- Cargill is the latest palm oil user to take action against IOI Group after its sustainability certification was suspended by the Roundtable on Sustainable Palm Oil earlier this year.
- Three of IOI’s subsidiaries in Indonesian Borneo are alleged to have cleared rainforest without the proper government permits, operated on carbon-rich deep peat soil, and used fire to clear land cheaply — practices not uncommon in an industry rife with illegality.
- Until its suspension, IOI was one of the biggest suppliers of RSPO-brand “Certified Sustainable Palm Oil.”
Cargill is the latest palm oil user to suspend ties with IOI Group, the Malaysian company that has had its certification suspended from the Roundtable on Sustainable Palm Oil (RSPO) over environmental destruction in Indonesia.
Cargill, which has committed to purge its vast supply network of deforestation, peatlands conversion and human rights abuses, is one of the last major customers of IOI to act in response to the RSPO’s decision. More than two dozen consumer goods giants had already moved to cut off IOI, phase out existing supplies or suspend future purchases before Cargill made its announcement on Monday.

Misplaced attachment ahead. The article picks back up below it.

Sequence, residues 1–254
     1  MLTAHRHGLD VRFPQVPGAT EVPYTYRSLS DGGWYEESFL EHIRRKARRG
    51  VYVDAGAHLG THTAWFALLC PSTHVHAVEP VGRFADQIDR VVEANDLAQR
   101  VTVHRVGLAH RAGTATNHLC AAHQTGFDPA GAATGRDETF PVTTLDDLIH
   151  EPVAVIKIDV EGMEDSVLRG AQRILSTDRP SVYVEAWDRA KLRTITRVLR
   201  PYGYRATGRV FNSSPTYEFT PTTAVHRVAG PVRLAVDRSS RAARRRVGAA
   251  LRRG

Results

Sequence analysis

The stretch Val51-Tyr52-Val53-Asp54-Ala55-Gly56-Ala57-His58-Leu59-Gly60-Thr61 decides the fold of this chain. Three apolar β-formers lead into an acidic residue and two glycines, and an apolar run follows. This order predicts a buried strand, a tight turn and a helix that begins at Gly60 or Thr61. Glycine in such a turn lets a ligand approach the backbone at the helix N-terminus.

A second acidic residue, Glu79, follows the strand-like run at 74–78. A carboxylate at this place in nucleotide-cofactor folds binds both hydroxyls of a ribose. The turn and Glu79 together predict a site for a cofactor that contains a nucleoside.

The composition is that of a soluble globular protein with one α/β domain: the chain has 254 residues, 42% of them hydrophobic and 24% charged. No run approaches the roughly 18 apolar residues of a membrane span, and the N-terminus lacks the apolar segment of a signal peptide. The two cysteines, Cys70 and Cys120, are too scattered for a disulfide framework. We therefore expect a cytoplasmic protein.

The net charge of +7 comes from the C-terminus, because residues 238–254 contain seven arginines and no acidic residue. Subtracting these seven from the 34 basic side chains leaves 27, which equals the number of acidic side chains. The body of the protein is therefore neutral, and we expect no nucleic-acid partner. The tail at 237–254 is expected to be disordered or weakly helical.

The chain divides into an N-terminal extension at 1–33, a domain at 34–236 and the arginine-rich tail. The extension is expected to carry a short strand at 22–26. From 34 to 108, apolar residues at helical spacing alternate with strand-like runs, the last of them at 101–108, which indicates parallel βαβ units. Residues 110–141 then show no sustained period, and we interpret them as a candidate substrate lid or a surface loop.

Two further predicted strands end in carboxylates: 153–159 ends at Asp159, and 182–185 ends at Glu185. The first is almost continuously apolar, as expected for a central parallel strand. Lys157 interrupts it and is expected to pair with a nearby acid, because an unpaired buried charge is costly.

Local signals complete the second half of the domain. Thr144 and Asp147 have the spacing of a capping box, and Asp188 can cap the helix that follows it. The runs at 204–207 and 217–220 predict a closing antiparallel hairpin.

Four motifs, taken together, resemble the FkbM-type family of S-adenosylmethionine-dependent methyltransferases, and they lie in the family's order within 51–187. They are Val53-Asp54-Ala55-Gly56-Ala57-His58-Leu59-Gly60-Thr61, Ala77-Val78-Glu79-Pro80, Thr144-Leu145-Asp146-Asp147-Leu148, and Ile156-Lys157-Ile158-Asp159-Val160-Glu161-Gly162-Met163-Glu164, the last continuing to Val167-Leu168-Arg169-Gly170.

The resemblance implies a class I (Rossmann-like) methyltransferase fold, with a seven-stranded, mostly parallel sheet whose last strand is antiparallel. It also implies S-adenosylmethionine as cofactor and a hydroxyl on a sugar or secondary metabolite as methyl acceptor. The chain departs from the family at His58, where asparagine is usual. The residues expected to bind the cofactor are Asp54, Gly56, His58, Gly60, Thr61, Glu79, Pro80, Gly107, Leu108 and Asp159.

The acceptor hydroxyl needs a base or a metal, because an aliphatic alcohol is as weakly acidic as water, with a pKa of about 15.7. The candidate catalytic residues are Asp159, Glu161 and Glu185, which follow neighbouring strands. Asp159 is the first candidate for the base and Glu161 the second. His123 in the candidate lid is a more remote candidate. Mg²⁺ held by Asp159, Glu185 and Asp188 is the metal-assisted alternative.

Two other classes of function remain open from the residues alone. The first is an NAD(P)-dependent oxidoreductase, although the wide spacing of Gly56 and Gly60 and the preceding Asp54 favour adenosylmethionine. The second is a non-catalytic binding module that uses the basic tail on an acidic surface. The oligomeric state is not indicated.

“IOI Group has yet to deliver a responsible sourcing policy or a detailed sustainability implementation plan to meet our requirements,” Cargill said in a statement. “Cargill will suspend business by not entering into any new purchase contracts until IOI Group can meet our requirements and comply with our sustainable palm oil policy.”
Cargill had said in late June that unless IOI issued a new sourcing policy and sustainability plan by July 15, it would not enter into any new purchase agreements with the company.
“Cargill gave IOI every opportunity to reform and IOI failed to meet their expectations. The market has spoken. IOI is not a source of responsibly produced palm oil,” said Deborah Lapidus, campaign director at the Center for International Policy.
“IOI can’t just issue another paper commitment and wipe its hands clean of its many violations,” she added. “It has serious work to do to implement a moratorium on new forest and peat clearing, demonstrate verified progress on the ground, and make up for past damage to ecosystems and communities.”